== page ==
Serena was sporadically brilliant against Sharapova in Charleston and her superior athleticism and shot making flexibility were abundantly evident. As is often the case these days, Serena not only drives the ball off both sides relatively flat with outstanding depth, but she also rolls the ball crosscourt at acute angles to open up the court. No one in the womens game can match her in that department. When Williams plays the short angles off both sides, her shots land a few inches inside both the service line and the side line, opening up the court for Serena to take utter control. It is a play that gives her game another dimension, and a sign of her growing tactical awareness.
But she can still be guilty of a few self inflicted wounds. In the Charleston final against Zvonareva, she seemed to have the match completely under control. Serena took the first set comfortably, and twice had Zvonareva trapped at 15-40, in the first and fifth games of the second set. Zvonareva, a tough competitor, squirmed away. Serving at 2-3, having not been broken in the match, Serena double faulted at break point down. Zvonareva secured the set, and then broke Serena on another double fault to take a 2-1 final set lead. Serena was wavering, but not for long. She won five of the next six games to get the victory. It was not terribly inspiring stuff from Serena, but it was gritty. And she came away deservedly with another crown.
The fundamental point I am making is this: Serena— no matter how badly she may be playing, regardless of the circumstances— always seems to be looking for any excuse to win. Her ferocity and deep well of determination is second to none in the womens game. Her distaste for defeat is perhaps greater than that of any of her premier rivals. She can be a sore loser, and her press conferences following losses at the majors are not exactly graciously conducted. But she has a winning mentality, and has such deep inner conviction that she never seems to lose faith in herself. Sharapova has made serious strides as a competitor and she was superb in winning her third career major at the Australian Open in January. But she remains surprisingly vulnerable in some cases, and Williams clearly has made Sharapova doubt herself to a large degree in their recent head-to-head confrontations.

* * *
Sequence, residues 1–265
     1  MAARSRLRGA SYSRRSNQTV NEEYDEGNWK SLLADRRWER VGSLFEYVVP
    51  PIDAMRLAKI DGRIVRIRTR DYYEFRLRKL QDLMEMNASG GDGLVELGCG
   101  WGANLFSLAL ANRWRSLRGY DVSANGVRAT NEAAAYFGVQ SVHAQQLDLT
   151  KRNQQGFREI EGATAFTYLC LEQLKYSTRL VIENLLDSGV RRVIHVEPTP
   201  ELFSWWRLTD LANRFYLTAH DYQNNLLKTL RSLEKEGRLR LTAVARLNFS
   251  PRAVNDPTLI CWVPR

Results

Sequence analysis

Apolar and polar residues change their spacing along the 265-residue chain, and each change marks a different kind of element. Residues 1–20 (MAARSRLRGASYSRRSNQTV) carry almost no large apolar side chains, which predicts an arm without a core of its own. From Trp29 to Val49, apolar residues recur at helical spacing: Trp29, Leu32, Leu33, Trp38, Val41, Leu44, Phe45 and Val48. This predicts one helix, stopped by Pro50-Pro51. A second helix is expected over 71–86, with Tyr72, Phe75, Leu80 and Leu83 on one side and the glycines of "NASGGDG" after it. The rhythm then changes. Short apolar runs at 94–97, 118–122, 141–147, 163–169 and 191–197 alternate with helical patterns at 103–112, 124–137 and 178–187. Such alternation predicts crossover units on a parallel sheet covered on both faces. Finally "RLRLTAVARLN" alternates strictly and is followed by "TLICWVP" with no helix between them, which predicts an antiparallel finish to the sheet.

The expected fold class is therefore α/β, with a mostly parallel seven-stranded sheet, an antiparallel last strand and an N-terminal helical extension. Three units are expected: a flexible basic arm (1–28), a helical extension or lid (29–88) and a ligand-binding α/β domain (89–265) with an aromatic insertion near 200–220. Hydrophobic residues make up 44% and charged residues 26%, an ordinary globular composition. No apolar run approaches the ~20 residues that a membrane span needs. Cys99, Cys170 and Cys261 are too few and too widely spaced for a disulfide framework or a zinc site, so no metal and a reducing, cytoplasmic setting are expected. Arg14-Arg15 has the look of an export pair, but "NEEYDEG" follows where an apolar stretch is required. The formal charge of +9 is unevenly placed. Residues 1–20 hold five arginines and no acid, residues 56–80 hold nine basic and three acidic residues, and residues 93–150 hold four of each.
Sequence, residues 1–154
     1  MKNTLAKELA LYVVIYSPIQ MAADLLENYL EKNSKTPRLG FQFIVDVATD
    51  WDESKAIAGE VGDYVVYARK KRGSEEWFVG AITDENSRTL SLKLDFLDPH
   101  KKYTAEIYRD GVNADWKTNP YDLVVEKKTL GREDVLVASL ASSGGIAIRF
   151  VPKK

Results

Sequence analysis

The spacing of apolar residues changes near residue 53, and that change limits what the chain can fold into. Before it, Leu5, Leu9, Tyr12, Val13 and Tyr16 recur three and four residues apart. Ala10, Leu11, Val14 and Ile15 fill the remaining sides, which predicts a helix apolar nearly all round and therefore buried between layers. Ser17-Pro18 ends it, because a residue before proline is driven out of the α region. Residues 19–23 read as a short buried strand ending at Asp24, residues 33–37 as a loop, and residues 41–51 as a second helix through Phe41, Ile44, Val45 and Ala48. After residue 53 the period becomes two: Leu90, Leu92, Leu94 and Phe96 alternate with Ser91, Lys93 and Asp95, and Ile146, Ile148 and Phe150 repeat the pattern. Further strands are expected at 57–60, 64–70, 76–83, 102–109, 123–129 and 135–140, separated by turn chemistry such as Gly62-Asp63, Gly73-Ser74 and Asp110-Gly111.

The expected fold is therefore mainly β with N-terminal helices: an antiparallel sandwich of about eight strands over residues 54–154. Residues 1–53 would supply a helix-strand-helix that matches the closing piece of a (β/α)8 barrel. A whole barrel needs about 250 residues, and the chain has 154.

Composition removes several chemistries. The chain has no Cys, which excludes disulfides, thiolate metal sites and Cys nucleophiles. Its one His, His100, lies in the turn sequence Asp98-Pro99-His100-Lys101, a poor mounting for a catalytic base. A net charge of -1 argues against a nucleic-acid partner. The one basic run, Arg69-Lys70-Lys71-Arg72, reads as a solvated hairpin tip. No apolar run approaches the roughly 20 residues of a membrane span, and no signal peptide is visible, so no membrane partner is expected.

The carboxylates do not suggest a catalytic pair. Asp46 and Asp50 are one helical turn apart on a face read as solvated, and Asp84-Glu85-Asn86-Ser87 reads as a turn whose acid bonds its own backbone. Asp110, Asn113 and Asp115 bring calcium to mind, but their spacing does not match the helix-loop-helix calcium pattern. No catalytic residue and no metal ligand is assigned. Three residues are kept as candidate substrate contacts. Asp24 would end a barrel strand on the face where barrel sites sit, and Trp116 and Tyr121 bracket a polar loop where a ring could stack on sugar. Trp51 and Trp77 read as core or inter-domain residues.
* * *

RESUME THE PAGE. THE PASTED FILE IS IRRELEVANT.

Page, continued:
Justine Henin has become the ultimate professional in the womens game but, after enjoying her most consistent and perhaps greatest year as a player in 2007, she has not been convincing this year, and she was routed by Sharapova at the Australian Open and by Serena Williams in Miami. On both occasions, Henin simply did not look like the same Henin as we have seen across recent years. But she is a resilient woman who will bounce back. So the stage is set for an excellent womens year in 2008. Sharapova has the Australian Open ion her collection already. Henin, despite her recent woes, is the favorite to win the French Open for the fourth year in a row. At Wimbledon, Serena Williams is long overdue. She won there for the second time in 2003, made it back to the final in 2004 before losing to Sharapova, but has not fared well since.
I believe that a healthy Serena will win Wimbledon this year. And that would make the U.S. Open the most compelling of all the majors, because it might well tip the balance in favor of one player for the No. 1 world ranking. Sharapova, Henin and Serena Williams would all stand an excellent chance of winning in New York. At the end of September, Serena will be 27. She seems to have recognized at last that her windows of opportunity will not be open forever. She realizes that the time to go full force after the prestigious prizes is now.
Serena Williams will almost surely raise her game decidedly over the course of this season. She will make her presence known in the latter stages of all three remaining majors. She is in much better shape than she has been in a long while. The view here is that she is on her way to celebrating what may well be one of the most rewarding seasons of her career.
Steve Flink is a weekly contributor to TennisChannel.com